Criteria for testing 802.11n Draft-N access points

Until the 802.11n amendment gets final ratification, testing intermediary Draft-N access points can be a challenge. So this year we decided to use test equipment from VeriWave to give us a more detailed picture of what was going on with each access point.

VeriWave’s WaveTest 20 suite has more than 20 kinds of tests, but for the sake of simplicity, we concentrated on some of the more basic ones.

The first was a simple throughput test using various data packet sizes at the 2.4 GHz frequency with a simulated client on the local-area network port sending data to a single client on the wireless end. That is the most common use of an access point, and it happens when a client browses the Internet or downloads a file from a network server.

Most Draft-N access points claim throughput speeds of 300 megabits/sec, the theoretical limit of such devices. In practice, a device might approach 300 megabits/sec in any one instant, but the average speed will be less because data is almost always transmitted in packets. A packet contains control data at the beginning and end that help with error detection and processing on the receiving end. Because the access point has to perform checksums and other functions beyond transmitting the data, the average throughput rate is less than the maximum.

Also, the smaller the packet size, the more often it has to perform those tasks, which slows the average throughput. We used a range of common packet sizes: 64; 88; 128; 256; 512; 1,024; 1,280; and 1,518 bytes.

In the second test, we sent the data from the wireless client to the wired one. Those rates tended to be faster because an access point can typically process the control data from the wireless device more quickly.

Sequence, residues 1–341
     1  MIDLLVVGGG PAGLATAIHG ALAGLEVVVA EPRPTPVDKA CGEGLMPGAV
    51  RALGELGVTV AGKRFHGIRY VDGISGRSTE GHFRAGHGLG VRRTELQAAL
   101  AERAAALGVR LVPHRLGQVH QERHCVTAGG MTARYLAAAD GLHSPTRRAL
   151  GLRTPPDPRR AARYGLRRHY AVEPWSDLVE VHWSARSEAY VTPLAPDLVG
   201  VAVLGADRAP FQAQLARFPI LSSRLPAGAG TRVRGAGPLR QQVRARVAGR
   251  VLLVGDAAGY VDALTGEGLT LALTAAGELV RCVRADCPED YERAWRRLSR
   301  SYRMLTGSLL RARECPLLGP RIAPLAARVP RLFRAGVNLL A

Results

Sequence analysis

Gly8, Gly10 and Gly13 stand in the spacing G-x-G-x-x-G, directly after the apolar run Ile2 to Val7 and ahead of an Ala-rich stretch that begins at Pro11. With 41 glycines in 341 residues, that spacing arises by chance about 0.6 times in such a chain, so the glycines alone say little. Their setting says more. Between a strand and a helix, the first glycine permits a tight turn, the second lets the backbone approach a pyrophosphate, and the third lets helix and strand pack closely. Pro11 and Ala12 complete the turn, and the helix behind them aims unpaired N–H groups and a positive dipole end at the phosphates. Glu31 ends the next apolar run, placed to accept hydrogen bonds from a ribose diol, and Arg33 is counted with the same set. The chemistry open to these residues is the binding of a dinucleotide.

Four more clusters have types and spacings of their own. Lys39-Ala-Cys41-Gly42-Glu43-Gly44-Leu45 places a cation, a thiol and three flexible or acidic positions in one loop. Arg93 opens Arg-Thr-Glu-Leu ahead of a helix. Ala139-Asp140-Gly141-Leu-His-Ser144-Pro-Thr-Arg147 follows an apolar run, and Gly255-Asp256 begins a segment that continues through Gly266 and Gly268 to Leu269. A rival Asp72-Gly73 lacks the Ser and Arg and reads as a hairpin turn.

To determine performance under real-world conditions, we ran the tests again with five simulated clients on each end. How much the average throughputs dropped determined how large a workgroup the access point could comfortably support.

To determine the impact of security activities, we ran a single-user throughput test with the access point’s security set to Wi-Fi Protected Access 2 – Pre-Shared Key.

And because implementation in an office environment has challenges that can’t be duplicated in a shielded enclosure, we ran file transfers over several distances.

We connected each access point to a desktop computer with a 10/100 Ethernet adapter and used a laptop PC with the manufacturer’s preferred USB client adapter when possible. With the adapters on the same subnet as the access point, we measured the time it took to transfer a folder with 100M of typical office files. We took several readings at each distance of 10, 20, 40, 80 and 160 feet to get a good average of the throughput in both directions at each distance.

The VeriWave tests were invaluable in highlighting an access point’s flaws and quirks. However, the real-world file-transfer tests indicated how a device would perform in an office and were the greatest factor in determining its performance grade.

VeriWave, 800-457-5915, www.veriwave.com.

About the Author

Greg Crowe is a former GCN staff writer who covered mobile technology.

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